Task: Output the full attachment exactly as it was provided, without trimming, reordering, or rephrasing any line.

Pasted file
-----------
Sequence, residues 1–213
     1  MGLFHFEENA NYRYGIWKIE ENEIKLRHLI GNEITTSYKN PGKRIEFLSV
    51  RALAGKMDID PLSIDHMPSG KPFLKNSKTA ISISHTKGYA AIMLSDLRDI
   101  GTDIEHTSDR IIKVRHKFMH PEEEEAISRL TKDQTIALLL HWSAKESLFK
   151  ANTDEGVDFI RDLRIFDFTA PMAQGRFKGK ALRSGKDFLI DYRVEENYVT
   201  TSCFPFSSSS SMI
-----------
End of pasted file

Sequence, residues 1–213
     1  MGLFHFEENA NYRYGIWKIE ENEIKLRHLI GNEITTSYKN PGKRIEFLSV
    51  RALAGKMDID PLSIDHMPSG KPFLKNSKTA ISISHTKGYA AIMLSDLRDI
   101  GTDIEHTSDR IIKVRHKFMH PEEEEAISRL TKDQTIALLL HWSAKESLFK
   151  ANTDEGVDFI RDLRIFDFTA PMAQGRFKGK ALRSGKDFLI DYRVEENYVT
   201  TSCFPFSSSS SMI